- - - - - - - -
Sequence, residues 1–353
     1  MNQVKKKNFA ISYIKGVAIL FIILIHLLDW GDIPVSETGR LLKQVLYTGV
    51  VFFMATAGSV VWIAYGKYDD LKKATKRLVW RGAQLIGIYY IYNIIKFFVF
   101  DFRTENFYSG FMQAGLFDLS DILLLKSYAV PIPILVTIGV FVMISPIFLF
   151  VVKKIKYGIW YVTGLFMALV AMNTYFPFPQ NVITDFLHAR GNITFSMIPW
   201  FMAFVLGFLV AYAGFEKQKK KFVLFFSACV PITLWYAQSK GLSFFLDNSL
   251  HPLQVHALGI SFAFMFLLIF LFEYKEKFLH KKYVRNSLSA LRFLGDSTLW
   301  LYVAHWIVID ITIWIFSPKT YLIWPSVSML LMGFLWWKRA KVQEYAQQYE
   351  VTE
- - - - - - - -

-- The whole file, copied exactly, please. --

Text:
Sequence, residues 1–353
     1  MNQVKKKNFA ISYIKGVAIL FIILIHLLDW GDIPVSETGR LLKQVLYTGV
    51  VFFMATAGSV VWIAYGKYDD LKKATKRLVW RGAQLIGIYY IYNIIKFFVF
   101  DFRTENFYSG FMQAGLFDLS DILLLKSYAV PIPILVTIGV FVMISPIFLF
   151  VVKKIKYGIW YVTGLFMALV AMNTYFPFPQ NVITDFLHAR GNITFSMIPW
   201  FMAFVLGFLV AYAGFEKQKK KFVLFFSACV PITLWYAQSK GLSFFLDNSL
   251  HPLQVHALGI SFAFMFLLIF LFEYKEKFLH KKYVRNSLSA LRFLGDSTLW
   301  LYVAHWIVID ITIWIFSPKT YLIWPSVSML LMGFLWWKRA KVQEYAQQYE
   351  VTE